The California Public Records Act generally mandates that every person has a right to take a look at any public record at no cost. Agencies are explicitly not allowed to charge requesters for the time it takes to search for records, organize them for inspection, or review and redact them for exempt information. The one major exception to this has to do with records stored in computers that require programming to extract information responsive to a request.1
For instance, in Los Angeles, the City Attorney maintains an SQL database of all its prosecutions. The database itself evidently contains too much data for it to be practicable for humans to review the whole thing for exemptions and produce it in its entirety. But the contents are inarguably public records, so to get access to them it’s necessary to run a query against the database. This must be written in SQL and the law allows the agency to charge the requester for the time it takes to write and run the query.
Although I do not particularly like this section of the law I can see the need for something like it. The CPRA does not in general require agencies to create new records in response to requests but in this case it has to or the public would be denied access to information in databases that were too big to review, among other records and it’s at least possible to argue that someone needs to pay for the construction of these new records. This process, by the way, is known as “extraction” in CPRA circles.
So in 2015 the National Lawyers Guild San Francisco Chapter asked the City of Hayward for access to some cop videos and the City said not only did they have to redact the videos but that video redaction required special software and thus it constituted extraction and could therefore be billed to the requester. The cost was in the thousands of dollars, which the NLG paid under protest and then filed a petition asking for a refund on the theory that the charge was illegal under the law because redaction is not extraction.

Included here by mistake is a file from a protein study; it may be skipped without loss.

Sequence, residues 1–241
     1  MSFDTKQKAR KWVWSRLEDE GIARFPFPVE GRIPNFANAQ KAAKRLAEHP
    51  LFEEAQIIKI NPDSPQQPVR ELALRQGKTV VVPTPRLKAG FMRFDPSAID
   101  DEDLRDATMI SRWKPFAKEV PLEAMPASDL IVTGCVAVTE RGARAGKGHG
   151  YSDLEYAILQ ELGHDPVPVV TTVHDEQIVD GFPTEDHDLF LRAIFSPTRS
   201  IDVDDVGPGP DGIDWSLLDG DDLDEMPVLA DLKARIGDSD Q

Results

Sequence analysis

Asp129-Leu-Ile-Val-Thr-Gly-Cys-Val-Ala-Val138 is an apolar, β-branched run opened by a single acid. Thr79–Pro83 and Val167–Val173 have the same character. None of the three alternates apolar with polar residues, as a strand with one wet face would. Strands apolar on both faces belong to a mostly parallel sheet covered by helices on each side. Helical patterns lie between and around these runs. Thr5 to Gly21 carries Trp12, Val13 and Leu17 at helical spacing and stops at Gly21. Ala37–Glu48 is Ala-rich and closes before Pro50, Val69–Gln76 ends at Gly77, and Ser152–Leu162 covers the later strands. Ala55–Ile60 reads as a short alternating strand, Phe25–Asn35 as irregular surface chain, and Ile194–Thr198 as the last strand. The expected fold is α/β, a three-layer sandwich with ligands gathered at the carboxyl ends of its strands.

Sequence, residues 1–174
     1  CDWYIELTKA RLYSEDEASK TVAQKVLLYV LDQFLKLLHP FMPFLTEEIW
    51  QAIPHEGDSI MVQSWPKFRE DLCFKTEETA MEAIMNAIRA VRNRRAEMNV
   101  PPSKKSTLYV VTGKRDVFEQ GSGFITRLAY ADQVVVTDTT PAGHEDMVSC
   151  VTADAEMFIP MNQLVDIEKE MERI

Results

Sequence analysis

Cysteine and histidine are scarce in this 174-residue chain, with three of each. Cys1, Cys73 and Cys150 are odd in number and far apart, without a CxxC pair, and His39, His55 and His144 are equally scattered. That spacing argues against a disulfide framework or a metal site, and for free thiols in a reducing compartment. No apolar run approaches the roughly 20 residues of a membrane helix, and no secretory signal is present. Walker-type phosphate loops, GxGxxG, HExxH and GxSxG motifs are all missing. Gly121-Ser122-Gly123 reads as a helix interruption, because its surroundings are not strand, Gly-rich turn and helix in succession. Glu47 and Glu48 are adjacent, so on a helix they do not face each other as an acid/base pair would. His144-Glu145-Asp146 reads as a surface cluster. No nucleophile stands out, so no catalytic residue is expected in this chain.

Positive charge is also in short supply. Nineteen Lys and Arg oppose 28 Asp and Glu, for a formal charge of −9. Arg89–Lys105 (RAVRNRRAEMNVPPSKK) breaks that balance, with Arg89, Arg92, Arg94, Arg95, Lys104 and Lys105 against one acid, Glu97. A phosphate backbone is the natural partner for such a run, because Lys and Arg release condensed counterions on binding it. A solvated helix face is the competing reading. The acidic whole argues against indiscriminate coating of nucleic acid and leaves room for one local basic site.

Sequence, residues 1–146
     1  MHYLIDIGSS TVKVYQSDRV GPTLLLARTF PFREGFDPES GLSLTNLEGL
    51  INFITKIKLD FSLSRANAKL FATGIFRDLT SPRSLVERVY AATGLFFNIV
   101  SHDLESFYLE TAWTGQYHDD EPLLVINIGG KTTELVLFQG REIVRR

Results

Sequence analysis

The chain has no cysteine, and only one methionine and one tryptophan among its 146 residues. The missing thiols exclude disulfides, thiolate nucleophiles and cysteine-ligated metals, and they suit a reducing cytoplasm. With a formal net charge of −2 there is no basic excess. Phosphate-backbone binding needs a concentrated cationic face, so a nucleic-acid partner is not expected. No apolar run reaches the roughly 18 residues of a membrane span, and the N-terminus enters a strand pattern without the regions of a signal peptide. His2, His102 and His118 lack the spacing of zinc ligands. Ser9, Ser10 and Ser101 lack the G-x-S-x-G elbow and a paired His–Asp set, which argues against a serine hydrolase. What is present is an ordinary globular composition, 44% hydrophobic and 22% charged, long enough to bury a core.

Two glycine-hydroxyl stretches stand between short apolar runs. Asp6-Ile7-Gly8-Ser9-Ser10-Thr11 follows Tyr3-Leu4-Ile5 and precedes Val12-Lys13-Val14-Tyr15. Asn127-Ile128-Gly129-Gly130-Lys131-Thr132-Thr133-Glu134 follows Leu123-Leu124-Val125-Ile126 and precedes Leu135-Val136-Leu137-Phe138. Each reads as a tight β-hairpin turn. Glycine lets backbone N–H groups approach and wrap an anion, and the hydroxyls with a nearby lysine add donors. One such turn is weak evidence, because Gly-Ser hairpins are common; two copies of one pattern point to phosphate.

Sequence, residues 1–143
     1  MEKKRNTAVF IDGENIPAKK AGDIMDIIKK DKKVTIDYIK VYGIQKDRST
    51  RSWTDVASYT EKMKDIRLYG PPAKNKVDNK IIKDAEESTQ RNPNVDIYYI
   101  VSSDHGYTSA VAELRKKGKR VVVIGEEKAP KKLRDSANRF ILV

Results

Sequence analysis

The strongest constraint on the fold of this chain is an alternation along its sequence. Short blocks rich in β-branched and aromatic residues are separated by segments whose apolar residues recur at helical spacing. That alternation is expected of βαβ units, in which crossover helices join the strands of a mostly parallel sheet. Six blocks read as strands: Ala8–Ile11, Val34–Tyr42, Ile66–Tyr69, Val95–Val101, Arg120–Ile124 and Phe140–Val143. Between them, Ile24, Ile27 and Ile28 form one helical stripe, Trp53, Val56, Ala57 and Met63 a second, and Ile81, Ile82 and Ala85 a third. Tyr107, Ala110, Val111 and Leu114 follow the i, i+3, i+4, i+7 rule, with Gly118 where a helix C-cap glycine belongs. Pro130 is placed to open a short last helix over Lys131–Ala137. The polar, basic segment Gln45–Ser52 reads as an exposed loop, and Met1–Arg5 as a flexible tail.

The NLG won in Superior Court, the City appealed the ruling and won in Appellate Court, and the case is now before the California Supreme Court. The case is now fully briefed and we’re just waiting for oral arguments to be scheduled. You can sign up for notifications at this link, but unlike many courts, it seems that the California Supreme Court does not publish copies of pleadings filed with it until after the Court rules on a case.
Which has been driving me absolutely crazy because this case is so important and reporters, even good ones,2 consistently get the facts wrong when writing about legal matters. There is no substitute for reading the primary sources. I’ve been reduced to writing begging emails to various lawyers pleading for PDFs. And occasionally they give them to me and I write about them.3
But on Thursday I made a huge breakthrough! I was downtown for various reasons and stopped in at the County Law Library to read cases on Westlaw and I learned that they collect appellate pleadings on their site, including ones from the California Supreme Court. I looked and they did in fact have PDFs of everything filed in this monumental case! And I could read it at the Law Library computer.
Now, generally Westlaw is very good about giving copies things to users. Like past published decisions are no problem, just click a button and put in your email address and it will send you a PDF of any published opinion. So I selected all these and hit the button and told it to email and …. got a damn error message saying that these PDFs were restricted and could only be printed on paper.
Which isn’t acceptable for any number of reasons, not least because there are hundreds of pages involved and it costs money to print on paper. This is not to mention the fact that it destroys the OCR and redoing the OCR invariably introduces errors. It’s horrible. But I fooled around some more and it turns out that when viewing the PDF on the library computer it’s possible to save a local copy.
Then, because the library is kind enough to provide access to a full-featured browser, it’s possible to upload the saved PDFs to a cloud service or something similar, and get copies that way. Or log into an email account and mail them to oneself as attachments So I did something like that, and got 18 new files, and published them all on Archive.Org for you right here! And also here is a list of the whole collection with links and brief descriptions.
Continue reading Here Are Copies Of Many Of The Pleadings Filed With The California Supreme Court In The Monumentally Important California Public Records Act Case National Lawyers Guild V. City Of Hayward — It’s Extraordinarily Difficult To Get Copies Of Appellate Pleadings In California But I Found A Way To Do It — Which Is Also Explained Here If You’re Interested